One interesting sight at KTHA was the DC-3 parked on the ramp. While MS fuddled with the weather computer, the IFR Pilot grabbed the camera and attempted some "artistic" photography:

Also, the airport had a wind tetrahedron. It looked to be balanced rather precariously, though I suspect it's actually perfectly balanced so that it can rotate with the wind.

Shortly, MS had a plan. Instead of proceeding northeast direct for the Home Base, we'd fly more to the north, wait for things to move to the east, and sneak in around the back end of things. And that's pretty much how things worked out. If memory serves (and I'll admit I read the USA Today and slept while MS was carrying the laboring oar), our route ended up being something like:

According to the flight planner, this route added maybe twenty minutes to the flight, but it kept us very, very safe. The route also took us over a couple of intersections that reinforced the notion that, despite widespread opinion to the contrary, the FAA really does have a sense of humor:

Let's just hope that no one ever misconstrues ATC's instruction to proceed "Direct Jim Beam, then Bourbon."

As we made our way around Cincinnati's airspace toward Dayton, we could see the ominous remains of the front we had avoided and which was headed further east. The display on the 396 reinforced what we could tell just from looking at this beast -- it wasn't to be taken lightly!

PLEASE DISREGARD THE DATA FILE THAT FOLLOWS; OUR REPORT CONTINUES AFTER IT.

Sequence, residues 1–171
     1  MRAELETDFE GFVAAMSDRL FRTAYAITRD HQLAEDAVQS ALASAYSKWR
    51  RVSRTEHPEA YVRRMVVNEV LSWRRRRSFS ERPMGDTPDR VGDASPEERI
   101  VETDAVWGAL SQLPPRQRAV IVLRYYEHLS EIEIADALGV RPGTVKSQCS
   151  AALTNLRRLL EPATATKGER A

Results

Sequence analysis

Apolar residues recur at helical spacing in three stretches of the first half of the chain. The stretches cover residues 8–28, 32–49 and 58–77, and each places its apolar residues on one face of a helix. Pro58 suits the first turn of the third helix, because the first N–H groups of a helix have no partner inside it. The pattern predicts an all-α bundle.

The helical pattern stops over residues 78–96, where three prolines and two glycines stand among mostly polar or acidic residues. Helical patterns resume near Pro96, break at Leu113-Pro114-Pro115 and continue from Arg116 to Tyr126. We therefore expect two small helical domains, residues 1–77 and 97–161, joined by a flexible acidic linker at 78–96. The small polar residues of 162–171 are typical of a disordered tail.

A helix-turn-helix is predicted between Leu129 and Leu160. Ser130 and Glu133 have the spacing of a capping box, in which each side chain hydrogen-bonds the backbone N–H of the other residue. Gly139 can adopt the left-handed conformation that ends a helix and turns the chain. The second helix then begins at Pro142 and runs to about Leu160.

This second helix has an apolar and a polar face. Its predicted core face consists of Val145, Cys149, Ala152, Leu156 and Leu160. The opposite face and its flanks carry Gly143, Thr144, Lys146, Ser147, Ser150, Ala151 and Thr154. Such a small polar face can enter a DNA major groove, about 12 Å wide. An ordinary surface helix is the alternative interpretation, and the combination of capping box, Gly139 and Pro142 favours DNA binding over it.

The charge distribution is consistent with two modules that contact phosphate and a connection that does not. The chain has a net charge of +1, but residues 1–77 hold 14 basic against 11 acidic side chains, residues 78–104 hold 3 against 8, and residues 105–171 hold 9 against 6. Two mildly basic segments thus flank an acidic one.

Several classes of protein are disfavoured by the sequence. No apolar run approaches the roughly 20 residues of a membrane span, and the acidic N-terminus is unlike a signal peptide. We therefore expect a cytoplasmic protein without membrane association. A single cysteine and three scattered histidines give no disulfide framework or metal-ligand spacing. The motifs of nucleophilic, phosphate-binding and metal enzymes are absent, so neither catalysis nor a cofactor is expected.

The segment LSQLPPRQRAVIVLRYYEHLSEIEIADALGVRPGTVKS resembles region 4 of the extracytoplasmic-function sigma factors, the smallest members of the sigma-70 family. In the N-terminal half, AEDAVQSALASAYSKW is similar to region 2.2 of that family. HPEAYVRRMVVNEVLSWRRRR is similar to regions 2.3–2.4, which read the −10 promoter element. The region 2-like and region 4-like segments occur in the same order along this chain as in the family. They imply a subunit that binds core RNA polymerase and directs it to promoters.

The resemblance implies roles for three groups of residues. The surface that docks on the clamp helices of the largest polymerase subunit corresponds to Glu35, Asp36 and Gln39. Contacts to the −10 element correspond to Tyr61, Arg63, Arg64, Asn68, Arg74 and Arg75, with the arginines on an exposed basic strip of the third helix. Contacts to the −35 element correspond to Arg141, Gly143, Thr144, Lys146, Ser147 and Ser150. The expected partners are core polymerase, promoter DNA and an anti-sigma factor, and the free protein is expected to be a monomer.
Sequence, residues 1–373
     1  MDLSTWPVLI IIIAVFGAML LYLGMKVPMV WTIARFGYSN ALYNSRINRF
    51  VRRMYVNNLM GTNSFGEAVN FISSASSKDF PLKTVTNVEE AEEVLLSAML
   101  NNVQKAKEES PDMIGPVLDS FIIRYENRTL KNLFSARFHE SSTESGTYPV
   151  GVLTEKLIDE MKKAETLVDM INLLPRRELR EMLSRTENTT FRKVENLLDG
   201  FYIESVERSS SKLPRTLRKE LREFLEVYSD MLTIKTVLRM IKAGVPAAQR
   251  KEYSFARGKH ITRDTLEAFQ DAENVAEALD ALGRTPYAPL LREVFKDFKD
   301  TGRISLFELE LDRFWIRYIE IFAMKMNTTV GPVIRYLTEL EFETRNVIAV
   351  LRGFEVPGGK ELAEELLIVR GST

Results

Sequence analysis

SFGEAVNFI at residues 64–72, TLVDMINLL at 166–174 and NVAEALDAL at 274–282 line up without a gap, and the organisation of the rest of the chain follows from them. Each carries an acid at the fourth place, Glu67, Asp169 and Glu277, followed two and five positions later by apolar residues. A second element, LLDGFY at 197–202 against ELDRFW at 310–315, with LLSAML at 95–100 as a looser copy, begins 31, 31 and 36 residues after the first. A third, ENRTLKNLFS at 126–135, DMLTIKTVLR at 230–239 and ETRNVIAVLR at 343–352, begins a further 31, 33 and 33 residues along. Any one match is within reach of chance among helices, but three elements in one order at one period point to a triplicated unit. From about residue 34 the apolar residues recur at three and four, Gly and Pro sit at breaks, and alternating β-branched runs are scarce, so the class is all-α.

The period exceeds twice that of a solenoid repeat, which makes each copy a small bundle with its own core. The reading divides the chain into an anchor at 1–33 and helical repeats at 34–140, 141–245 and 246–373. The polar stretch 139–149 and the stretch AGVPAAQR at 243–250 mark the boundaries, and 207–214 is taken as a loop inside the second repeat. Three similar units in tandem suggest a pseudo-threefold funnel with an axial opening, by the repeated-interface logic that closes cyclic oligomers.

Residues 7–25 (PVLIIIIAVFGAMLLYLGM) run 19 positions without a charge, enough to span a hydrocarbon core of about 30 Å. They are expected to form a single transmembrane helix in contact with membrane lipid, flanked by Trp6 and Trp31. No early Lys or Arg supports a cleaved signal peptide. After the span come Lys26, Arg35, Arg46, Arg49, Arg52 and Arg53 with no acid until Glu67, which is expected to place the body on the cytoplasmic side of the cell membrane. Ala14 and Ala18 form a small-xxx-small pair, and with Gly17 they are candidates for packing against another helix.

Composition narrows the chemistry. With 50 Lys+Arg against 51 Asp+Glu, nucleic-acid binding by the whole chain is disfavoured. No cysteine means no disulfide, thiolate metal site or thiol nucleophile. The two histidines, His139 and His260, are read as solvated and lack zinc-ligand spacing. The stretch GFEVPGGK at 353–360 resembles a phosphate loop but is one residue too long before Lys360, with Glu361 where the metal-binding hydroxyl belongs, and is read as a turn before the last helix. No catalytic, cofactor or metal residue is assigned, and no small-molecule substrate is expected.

Amazingly, however, we remained dry throughout, and MS recorded only about .2 in IMC after we received a pop-up clearance from Mansfield Approach so we could descend through the clouds to VFR below. Some of it was captured for your viewing pleasure:

Once clear of the clouds, it was a milk run back to the Home Base to test MS's landing skills once again. Once again, you get to judge for yourself:

With that, our latest junket came to a conclusion.

Tuesday, June 03, 2008

Lest You Think I Lied

Every single guess has been correct: MS and the IFR Pilot have once again descended upon New Orleans. Pictures later, video will have to suffice for now!

Monday, June 02, 2008

Guess the IFR Pilot's Location, Part Deux

We'll have to make it a bit harder this time. MS and the IFR Pilot flew Mike Hotel yesterday. We dodged a variety of thunderstorms that were racing across America. The Flight Aware track shows a bit of what we were doing, and offers some insight as to the direction we were headed -- but it doesn't reveal where we ended our day. You'll have to guess that yourself.

1. Elapsed time: between 6 and 7 hours.
2. Landed on Runway 18R.
3. Flew over water for a bit.
4. At today's lunch, MS wanted to know what "filé" was.

(A cool griffin-like cloud encountered near sunset.)

Landing video to be uploaded to You Tube later.